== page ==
The World Bank said yesterday that all discussions with Moscow about technical assistance had been suspended following the Kremlin's use of force to crush independence movements in the Baltic states.
The announcement by World Bank President Barber Conable was the latest in a series of steps by Western governments and multinational institutions to drive home displeasure with the Soviet Union's use of troops in the Baltics by withholding food shipments and suspending plans to prop up the crumbling Soviet economy.
At a weekend meeting in New York, Treasury Secretary Nicholas F. Brady announced that the Group of Seven industrial nations had put the whole question of aid to the Soviet Union "on hold."
Prior to the unexpected use of military force in the Baltics, Brady had planned to ask the G-7 to endorse and arrange for further examination of President Bush's proposal late last year for a special "associate" status for the Soviets in the World Bank and International Monetary Fund.
If the crackdown against the Baltic states had not occurred, the G-7 was believed to have been prepared to endorse a program of technical assistance, as visualized in a study commissioned by last summer's Houston economic summit and released in December. At that time, Bush also partially lifted trade restrictions linked to Soviet emigration policies.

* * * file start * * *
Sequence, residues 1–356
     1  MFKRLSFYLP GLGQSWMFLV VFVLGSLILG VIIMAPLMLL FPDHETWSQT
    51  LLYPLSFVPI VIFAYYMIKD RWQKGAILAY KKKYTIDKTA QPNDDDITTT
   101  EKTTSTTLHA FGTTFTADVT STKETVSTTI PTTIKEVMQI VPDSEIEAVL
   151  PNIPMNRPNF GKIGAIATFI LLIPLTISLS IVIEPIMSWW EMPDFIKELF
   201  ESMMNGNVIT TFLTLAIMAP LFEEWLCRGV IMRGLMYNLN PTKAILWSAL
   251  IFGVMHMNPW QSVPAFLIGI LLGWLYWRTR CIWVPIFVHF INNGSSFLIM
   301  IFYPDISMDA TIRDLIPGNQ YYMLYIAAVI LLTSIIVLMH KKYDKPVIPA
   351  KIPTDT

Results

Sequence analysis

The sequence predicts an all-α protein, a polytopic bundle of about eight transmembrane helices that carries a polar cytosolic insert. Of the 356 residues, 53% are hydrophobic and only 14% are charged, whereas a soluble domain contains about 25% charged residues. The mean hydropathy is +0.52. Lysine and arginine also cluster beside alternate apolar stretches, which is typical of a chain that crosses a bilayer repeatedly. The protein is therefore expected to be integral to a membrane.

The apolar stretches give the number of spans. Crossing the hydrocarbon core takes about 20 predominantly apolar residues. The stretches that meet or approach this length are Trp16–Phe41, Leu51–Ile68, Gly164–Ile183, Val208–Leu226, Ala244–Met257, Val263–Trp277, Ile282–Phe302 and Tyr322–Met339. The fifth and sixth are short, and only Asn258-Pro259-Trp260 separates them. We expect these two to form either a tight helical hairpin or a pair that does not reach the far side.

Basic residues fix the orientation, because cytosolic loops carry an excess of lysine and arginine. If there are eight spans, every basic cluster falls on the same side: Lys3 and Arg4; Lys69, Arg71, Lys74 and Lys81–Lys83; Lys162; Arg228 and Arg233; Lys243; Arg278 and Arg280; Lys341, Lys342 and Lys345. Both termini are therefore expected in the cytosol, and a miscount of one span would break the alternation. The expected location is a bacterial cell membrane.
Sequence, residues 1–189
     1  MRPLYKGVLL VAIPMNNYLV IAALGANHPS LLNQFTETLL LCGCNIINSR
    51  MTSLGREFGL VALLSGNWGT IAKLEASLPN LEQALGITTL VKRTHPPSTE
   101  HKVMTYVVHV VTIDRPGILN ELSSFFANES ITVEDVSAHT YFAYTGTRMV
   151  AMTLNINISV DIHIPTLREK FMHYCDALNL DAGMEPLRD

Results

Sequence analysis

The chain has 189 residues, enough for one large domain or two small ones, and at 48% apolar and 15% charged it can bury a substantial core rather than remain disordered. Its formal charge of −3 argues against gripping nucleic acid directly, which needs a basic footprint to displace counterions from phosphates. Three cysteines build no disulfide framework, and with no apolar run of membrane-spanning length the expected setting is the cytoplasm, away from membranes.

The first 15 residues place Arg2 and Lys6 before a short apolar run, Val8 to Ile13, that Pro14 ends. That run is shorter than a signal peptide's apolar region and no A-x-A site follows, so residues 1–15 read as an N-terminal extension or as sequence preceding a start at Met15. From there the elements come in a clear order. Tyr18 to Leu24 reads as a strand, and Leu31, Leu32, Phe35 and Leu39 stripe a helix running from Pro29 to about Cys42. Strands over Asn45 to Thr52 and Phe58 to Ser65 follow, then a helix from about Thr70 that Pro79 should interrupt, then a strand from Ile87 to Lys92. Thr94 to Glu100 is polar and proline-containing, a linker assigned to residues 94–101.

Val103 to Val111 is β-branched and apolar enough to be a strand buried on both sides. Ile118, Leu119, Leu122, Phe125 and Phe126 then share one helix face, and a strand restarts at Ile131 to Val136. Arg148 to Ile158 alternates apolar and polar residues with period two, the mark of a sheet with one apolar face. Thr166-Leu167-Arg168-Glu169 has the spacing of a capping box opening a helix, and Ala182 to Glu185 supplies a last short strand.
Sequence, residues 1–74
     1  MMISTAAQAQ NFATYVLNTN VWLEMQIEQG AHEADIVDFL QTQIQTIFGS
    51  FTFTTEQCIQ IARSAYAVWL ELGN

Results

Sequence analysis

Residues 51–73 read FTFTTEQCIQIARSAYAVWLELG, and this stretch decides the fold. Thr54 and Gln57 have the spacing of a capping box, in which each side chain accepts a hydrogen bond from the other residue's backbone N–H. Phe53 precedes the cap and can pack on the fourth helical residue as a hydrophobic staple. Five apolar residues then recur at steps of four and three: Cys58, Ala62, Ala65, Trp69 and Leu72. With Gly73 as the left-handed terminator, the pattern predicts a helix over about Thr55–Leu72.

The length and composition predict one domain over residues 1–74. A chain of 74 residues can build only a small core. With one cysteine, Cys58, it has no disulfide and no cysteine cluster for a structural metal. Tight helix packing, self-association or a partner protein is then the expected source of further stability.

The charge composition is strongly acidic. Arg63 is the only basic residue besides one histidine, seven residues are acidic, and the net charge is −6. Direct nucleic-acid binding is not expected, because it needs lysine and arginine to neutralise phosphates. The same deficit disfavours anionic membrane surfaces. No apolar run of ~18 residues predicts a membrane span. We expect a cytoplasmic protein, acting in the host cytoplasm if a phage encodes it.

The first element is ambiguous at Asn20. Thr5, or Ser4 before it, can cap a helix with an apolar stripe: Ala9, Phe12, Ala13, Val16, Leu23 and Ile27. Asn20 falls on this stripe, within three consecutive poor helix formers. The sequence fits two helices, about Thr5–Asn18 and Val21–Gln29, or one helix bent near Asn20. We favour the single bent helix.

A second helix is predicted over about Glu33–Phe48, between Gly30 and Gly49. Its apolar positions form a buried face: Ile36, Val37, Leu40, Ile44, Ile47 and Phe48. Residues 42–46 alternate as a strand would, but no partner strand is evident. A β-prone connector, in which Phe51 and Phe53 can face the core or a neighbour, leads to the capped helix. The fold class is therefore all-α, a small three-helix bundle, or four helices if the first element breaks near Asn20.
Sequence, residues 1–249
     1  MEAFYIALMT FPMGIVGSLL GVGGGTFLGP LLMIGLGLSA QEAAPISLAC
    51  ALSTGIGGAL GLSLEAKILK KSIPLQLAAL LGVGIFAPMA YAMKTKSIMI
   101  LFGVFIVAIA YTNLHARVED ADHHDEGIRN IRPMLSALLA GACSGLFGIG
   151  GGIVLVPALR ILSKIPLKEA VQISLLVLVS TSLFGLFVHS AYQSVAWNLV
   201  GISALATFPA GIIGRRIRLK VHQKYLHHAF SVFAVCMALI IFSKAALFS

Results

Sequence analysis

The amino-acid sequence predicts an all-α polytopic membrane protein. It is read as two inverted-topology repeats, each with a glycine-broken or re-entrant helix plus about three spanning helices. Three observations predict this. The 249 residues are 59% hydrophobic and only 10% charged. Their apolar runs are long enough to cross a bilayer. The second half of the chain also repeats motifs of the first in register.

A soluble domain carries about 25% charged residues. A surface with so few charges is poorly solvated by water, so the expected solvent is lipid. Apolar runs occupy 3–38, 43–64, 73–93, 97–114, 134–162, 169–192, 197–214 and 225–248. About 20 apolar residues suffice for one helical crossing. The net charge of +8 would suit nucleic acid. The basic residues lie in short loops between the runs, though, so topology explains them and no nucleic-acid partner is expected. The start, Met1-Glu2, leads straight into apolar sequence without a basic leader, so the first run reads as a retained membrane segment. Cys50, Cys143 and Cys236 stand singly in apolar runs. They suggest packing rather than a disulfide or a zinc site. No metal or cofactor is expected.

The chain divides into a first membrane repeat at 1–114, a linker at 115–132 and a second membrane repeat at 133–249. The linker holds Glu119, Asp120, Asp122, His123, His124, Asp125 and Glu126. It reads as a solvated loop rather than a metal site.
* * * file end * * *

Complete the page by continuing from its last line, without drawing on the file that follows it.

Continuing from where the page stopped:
U.S. policy is to "freeze things where they are, not to go backward on anything we have done, but not to go forward, either," a senior Bush administration official said yesterday. "Then we will appraise things and perhaps we will have to take a step backwards."
Instead of extending the olive branch, the G-7 nations -- the United States, Germany, Japan, England, France, Italy and Canada -- unanimously agreed to wait out developments in the Soviet Union.
Finance Minister Theo Waigel, leading the German delegation, did not contest the "on hold" decision, even though Bonn would like to avoid a confrontation with Moscow on the question of Baltic independence. Bonn's dealings with the Soviets are particularly sensitive because of the more than 300,000 Soviet troops stationed in the former East Germany.
Waigel said the Soviet Union had to demonstrate it was moving toward a market economy before the West could decide how to hasten a link to the IMF and World Bank, and Moscow could not move toward a market economy while it is "restricting pluralism and democracy."
But while Waigel moved in tandem with the G-7 in New York, the Foreign Ministry in Bonn on the same day reaffirmed that the German government would not halt the flow of its own economic aid to Moscow. Earlier, German Chancellor Helmut Kohl had publicly criticized the Baltic states for pushing their independence demands too swiftly. The German view is that the best chance of preventing a wholesale breakup of the Soviet Union is to try to support Soviet President Mikhail Gorbachev. But other European governments, as well as the United States, are taking a firmer stance, and the response to Moscow's actions in the Baltics has been swift. The European Parliament on Tuesday voted to block $1 billion in food aid, approved only a month ago as a goodwill gesture by heads of government.
The World Bank's action was in the form of a Conable decision made last week, but revealed only yesterday, to cancel a top-level "president's council" meeting that was scheduled to discuss details of the bank's plan to offer technical aid to the Soviet economy.